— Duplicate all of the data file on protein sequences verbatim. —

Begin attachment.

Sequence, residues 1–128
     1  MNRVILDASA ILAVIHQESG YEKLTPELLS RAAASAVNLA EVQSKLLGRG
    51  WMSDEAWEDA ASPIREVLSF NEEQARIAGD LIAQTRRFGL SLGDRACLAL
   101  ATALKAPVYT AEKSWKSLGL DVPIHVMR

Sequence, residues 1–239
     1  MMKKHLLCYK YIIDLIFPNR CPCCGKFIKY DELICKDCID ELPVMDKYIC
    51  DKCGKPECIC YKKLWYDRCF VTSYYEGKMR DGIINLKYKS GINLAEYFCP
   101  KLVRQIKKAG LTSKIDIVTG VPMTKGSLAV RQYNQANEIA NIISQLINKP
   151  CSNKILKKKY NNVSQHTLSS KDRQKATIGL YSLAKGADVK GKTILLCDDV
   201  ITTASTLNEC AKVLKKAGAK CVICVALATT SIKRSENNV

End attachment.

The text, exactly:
Sequence, residues 1–128
     1  MNRVILDASA ILAVIHQESG YEKLTPELLS RAAASAVNLA EVQSKLLGRG
    51  WMSDEAWEDA ASPIREVLSF NEEQARIAGD LIAQTRRFGL SLGDRACLAL
   101  ATALKAPVYT AEKSWKSLGL DVPIHVMR

Sequence, residues 1–239
     1  MMKKHLLCYK YIIDLIFPNR CPCCGKFIKY DELICKDCID ELPVMDKYIC
    51  DKCGKPECIC YKKLWYDRCF VTSYYEGKMR DGIINLKYKS GINLAEYFCP
   101  KLVRQIKKAG LTSKIDIVTG VPMTKGSLAV RQYNQANEIA NIISQLINKP
   151  CSNKILKKKY NNVSQHTLSS KDRQKATIGL YSLAKGADVK GKTILLCDDV
   201  ITTASTLNEC AKVLKKAGAK CVICVALATT SIKRSENNV